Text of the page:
Senior Michaela Miller spent her summer researching biofilm growth of Rhodobacter sphaeroides — an environmental microorganism with history as complex as its spelling.
She presented a poster summarizing her project Nov. 4 at the Western Michigan Regional Undergraduate Science Research Conference at Van Andel Research Institute in Grand Rapids, Michigan.
Over the summer, Miller spent roughly 7-10 hours a day in the lab at Hillsdale College growing and examining sphaeroides because it is the ancestor to all gram-negative bacteria.
These are organisms that often happen to be pathogenic, while sphaeroides itself is not.
“It’s good to study because the more we learn about the way biofilm grows, the more we can learn about pathogens in the end,” Miller said. “It’s a model organism, meaning it is studied often and has good systems that can be applied to other bacteria.”
Growing organisms in biofilms on coverslips allows for group interactions between the bacterial cells. Certain chemicals called auto-inducers are sent out and help parts of the organism perform group-based behavior.
“In some cases, this makes them more resistant to things like antibiotics and harder to kill,” Miller said.
She wanted to study the quorum sensing, or signaling systems, of sphaeroides. Miller focused on measuring the effect of additional acyl homoserine lactone, a chemical that prevents bacteria from aggregating, and its effect on the live-to-dead cell ratio in her biofilms.
When she grew the biofilms, she grew some normally as a control, but she added extra AHL to others. She stained them to distinguish live and dead cells on the coverslip where the biofilms grew.
The stain colored the living cells green and the dead cells red. She then used software to quantify the live to dead cells. Miller found that additional AHL does not seem to have an effect on the biofilm growth, or the live-to-dead ratio of sphaeroides. She originally predicted that the addition of AHL would affect the aggregation of the bacteria more.
“I think the reason that that’s not what happened is because the bacteria does produce this chemical naturally, and we just added extra, so I’m assuming there’s a threshold concentration,” Miller said. “When it reaches that, it doesn’t affect it anymore.”
She said the research was still successful since it was the first time the experiment had been done in this particular way.
“A lot of the techniques we used in this experiment have really not been used, as far as we know, or frequently used, outside of Hillsdale,” Miller said.
During her junior year, Miller assisted Stevan Lukich ’17 and her now-research adviser Francis Steiner, biology department chairman, by writing up the live-dead staining protocol in which biofilms could be stained without disturbing their growth on the coverslips.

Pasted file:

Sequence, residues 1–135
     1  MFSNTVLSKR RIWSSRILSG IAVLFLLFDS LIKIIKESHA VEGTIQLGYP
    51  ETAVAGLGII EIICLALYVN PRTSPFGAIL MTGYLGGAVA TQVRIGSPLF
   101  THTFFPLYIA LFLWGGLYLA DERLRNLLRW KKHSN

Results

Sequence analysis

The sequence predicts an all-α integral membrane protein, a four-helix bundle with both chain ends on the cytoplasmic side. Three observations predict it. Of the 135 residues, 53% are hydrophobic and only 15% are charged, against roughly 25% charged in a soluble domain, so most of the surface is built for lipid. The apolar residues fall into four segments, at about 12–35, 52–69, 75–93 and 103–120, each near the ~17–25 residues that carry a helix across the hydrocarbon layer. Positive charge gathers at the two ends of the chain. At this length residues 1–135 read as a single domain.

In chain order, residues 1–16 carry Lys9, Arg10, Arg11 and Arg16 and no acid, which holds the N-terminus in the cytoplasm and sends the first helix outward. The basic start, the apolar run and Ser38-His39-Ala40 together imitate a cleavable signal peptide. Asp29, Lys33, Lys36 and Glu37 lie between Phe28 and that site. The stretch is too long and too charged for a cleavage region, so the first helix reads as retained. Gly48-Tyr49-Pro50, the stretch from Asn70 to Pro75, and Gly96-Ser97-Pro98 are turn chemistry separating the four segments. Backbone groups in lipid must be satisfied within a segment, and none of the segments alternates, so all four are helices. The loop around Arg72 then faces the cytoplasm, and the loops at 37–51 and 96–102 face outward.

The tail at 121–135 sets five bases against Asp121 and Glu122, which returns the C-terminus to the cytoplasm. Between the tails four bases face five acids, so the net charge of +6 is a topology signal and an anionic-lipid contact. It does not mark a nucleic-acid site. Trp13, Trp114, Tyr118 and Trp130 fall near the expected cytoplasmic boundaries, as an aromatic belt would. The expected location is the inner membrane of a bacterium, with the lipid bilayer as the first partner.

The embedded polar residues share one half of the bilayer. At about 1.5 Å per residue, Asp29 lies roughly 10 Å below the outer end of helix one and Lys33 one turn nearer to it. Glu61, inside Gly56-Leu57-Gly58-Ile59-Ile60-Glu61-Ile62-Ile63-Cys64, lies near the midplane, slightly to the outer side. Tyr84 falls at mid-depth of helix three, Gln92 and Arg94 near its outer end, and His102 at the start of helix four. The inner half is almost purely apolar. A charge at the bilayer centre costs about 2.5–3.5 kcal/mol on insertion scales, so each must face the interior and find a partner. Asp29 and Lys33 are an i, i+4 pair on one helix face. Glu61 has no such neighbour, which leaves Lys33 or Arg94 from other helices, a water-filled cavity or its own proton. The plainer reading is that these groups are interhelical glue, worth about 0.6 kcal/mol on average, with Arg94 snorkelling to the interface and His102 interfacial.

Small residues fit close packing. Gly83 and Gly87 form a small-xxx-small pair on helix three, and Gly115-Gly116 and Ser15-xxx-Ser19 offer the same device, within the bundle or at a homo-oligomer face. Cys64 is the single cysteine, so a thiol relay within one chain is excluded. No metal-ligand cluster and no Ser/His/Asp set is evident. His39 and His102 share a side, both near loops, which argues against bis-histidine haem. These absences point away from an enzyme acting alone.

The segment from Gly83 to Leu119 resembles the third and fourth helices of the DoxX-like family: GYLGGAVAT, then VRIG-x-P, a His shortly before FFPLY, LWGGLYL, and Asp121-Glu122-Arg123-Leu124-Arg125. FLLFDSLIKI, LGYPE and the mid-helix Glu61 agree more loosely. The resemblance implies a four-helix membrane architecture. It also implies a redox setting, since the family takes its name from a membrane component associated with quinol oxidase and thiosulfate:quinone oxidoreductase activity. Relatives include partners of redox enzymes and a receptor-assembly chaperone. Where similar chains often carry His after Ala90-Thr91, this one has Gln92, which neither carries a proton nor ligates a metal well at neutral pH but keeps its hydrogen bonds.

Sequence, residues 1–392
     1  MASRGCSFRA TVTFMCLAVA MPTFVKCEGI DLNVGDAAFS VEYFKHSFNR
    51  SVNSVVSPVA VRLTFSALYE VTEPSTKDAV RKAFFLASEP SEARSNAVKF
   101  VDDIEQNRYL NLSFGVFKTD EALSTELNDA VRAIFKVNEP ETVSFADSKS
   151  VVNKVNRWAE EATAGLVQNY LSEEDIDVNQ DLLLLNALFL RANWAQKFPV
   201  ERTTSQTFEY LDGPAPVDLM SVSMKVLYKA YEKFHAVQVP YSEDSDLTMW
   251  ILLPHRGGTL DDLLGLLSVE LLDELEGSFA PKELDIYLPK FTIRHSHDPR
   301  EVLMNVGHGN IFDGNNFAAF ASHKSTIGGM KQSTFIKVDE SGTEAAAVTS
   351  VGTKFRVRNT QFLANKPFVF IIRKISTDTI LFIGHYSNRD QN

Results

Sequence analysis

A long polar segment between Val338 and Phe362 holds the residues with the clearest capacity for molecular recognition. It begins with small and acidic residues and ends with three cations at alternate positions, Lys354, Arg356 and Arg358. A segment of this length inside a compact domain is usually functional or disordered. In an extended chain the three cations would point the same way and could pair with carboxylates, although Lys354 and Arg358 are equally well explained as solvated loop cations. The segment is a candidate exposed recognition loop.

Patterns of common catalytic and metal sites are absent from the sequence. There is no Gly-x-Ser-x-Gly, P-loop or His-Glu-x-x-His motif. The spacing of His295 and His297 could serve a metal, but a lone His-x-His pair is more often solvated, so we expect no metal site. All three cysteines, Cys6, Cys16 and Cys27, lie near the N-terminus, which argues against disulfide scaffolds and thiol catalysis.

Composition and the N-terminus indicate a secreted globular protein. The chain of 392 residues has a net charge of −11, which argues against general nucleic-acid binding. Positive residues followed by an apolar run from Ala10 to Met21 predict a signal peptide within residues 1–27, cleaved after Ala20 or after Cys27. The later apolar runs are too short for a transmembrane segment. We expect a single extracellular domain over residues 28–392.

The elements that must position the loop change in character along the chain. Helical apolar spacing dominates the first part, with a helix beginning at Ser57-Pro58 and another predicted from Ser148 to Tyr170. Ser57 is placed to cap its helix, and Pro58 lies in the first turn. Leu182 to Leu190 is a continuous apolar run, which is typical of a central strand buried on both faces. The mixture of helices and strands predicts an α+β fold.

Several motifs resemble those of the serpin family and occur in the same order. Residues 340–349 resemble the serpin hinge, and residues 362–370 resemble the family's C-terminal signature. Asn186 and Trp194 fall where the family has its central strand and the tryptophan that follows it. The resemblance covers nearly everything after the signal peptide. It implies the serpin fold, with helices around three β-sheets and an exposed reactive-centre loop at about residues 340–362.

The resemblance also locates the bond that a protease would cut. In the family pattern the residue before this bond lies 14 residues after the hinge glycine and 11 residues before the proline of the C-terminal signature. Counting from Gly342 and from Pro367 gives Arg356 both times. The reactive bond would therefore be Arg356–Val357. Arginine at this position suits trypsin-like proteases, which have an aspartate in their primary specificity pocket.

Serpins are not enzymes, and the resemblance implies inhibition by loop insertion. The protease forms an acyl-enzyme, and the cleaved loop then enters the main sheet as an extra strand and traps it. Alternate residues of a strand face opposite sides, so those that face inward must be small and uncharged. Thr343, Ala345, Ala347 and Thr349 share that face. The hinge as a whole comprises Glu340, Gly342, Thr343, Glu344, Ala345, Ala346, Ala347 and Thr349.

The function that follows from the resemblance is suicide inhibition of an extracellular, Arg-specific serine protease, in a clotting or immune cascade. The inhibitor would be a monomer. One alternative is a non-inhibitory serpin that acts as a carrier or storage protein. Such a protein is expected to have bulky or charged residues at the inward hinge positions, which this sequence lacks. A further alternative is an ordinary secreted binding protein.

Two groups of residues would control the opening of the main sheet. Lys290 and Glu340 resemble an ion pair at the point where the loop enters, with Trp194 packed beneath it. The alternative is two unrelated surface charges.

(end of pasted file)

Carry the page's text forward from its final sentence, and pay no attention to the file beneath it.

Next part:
“Her working out that staining procedure was very advantageous,” Steiner said. “Her quantitation in her research was excellent, and she realized she needed to normalize her data.”
Seniors Genevieve Chiara and Lydia Siepel were both able to use the staining protocol in their research last summer as well while working in the same lab as Miller and seniors Monicah Wanjiru and Steve Sartore.
“I love all the processes associated with lab work — how you become friends with the people you are working with,” Miller said.
Chiara added that the environment in the lab was relaxed and the researchers were always willing to help each other out, from taking turns grabbing coffees for the whole group to giving advice about their individual projects.
“I found a helpful article with a procedure explaining that an efficient way to grow biofilms is to replace the media with fresh broth after four hours of adhesion and then let them continue to grow overnight,” Chiara said. “Michaela and Lydia also followed that procedure.”
Chiara and junior Christine Ausherman also accompanied Miller and Steiner to Grand Rapids to present their own posters at the conference.
Miller said fellow undergraduates, recruiters, and graduate students were all interested in learning about other people’s research and that it was not a critical environment. She added that she learned many important things from her summer research.
“Sometimes you’re not always going to see what you expected to see or what you hoped to see,” she said. “That doesn’t mean your research is a failure.”
She said she now sees many directions that the project could be taken, which is a success in and of itself.
“In the future, I think we could completely knock out the gene that produces AHL and see sphaeroides truly with AHL and truly without,” Miller said.